KJM But it’s not likely that things will be equally positioned.

LT Yeah, but making that assumption is one of the larger functions of culture in the best possible framework. It has to do with generosity, because when culture is validated in the art market it is, of course, business. But the idea of how culture is only validated as symbolic capital is something completely different. And that’s where the generosity is key—without it, self interest will enter in, and the competition will become dreadful. Then also, the idea of communication is lost.

KJM But that presumes that whatever this effort is would be disorganized. Furthermore, the generosity you speak of is highly problematic. It allows the existing power dynamic to remain intact. I cannot take it for granted that my efforts will be fairly evaluated.

LT I think it will be disorganized. But it will also be genuine. If it weren’t, there wouldn’t be the possibility of dialogue. There must be a mutual and a sane curiosity, one that is fairly open-ended and fairly ignorant. The foundation to create a sound element of opposition, but a very conscious one, takes time, and that’s a pretty hard dialogue, but that’s where a dialogue should take place. A lot of discourse within the arts is about the environment of the artwork, not so much about the artwork itself. And that’s very strange, because it’s primarily the artwork that we should be talking about.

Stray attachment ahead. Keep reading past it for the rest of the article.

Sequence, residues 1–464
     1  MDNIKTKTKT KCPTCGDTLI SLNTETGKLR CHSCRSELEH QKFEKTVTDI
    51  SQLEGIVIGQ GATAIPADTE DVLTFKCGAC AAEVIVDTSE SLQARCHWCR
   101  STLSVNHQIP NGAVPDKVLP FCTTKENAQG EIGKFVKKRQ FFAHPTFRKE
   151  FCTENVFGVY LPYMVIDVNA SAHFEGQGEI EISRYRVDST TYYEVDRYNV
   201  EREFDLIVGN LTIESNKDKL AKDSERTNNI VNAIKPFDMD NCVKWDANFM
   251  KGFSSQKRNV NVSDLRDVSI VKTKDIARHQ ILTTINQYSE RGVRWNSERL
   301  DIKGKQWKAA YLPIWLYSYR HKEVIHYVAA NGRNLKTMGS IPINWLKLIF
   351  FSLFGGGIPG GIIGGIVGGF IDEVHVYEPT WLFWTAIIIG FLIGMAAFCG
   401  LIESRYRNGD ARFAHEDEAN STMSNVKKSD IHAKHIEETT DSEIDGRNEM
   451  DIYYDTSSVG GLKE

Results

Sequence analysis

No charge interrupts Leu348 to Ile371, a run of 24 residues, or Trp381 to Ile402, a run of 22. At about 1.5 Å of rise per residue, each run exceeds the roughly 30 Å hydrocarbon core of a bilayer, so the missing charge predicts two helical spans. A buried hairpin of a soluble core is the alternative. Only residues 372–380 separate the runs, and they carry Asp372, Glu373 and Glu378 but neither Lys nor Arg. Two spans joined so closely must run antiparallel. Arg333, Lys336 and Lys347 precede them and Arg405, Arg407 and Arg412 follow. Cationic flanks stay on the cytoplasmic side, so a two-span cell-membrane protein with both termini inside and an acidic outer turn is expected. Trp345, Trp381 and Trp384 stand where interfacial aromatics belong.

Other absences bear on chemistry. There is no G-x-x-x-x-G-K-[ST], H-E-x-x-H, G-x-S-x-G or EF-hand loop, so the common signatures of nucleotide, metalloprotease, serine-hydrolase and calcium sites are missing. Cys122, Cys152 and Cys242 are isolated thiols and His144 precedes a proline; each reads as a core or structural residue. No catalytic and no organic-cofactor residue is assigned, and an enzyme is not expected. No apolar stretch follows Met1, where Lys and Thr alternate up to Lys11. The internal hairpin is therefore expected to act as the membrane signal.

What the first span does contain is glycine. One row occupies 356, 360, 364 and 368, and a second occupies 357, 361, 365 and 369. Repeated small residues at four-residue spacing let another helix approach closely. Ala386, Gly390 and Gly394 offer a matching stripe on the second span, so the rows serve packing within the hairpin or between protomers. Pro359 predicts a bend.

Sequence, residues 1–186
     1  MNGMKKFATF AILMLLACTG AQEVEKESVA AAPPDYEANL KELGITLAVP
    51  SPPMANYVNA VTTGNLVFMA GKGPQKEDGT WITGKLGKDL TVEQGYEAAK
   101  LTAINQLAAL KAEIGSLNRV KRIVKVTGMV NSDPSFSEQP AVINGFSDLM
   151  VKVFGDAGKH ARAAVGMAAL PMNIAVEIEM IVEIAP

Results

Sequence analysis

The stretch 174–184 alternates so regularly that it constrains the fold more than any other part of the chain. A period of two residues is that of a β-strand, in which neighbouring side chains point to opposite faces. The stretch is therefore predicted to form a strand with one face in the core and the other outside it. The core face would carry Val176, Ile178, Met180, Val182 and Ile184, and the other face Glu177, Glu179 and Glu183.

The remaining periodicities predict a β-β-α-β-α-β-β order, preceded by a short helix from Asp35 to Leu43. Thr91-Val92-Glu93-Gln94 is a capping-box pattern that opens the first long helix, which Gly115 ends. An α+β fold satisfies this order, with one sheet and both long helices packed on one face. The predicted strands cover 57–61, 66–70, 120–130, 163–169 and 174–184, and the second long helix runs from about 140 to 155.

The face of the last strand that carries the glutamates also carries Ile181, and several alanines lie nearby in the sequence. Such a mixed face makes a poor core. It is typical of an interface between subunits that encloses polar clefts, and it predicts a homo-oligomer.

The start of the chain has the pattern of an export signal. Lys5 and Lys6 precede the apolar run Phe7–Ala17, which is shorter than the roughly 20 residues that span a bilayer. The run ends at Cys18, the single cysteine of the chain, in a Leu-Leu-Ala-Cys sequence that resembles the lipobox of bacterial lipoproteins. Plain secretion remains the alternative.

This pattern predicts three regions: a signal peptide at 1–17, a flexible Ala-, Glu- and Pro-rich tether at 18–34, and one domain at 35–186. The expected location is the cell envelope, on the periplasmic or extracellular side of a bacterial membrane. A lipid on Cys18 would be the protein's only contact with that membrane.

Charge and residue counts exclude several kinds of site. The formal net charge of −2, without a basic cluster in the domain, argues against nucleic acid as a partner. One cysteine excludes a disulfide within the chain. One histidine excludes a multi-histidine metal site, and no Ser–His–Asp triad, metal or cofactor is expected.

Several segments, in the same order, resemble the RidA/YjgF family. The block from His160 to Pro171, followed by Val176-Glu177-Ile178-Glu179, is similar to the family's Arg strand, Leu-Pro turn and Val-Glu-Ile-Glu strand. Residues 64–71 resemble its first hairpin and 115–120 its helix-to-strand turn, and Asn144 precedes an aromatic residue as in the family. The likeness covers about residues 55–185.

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Kerry James Marshall, Study for Vignette #5, 2003, ink on canvas.

KJM If at this moment the art market seems to be more focused on the environment in which the artwork takes place, we can be fairly certain that that’s not going to continue in perpetuity. At some point there’s going to be a shift back to the focus on the object itself. But when that shift takes place, I’m concerned with who is positioned to participate in this dialogue. As I see it right now, the contributors to the dialogue that attempts to define what has value in painting or sculpture or film or video are too narrowly chosen. Taking the logic of how we understand the art world to operate now, and projecting something that’s different into that field, not so different that it’s disregarded, but something that actually attempts to build on what’s already understood, could be essential to the way people previously on the outside experience, value, and understand how paintings and artwork can continue to be made.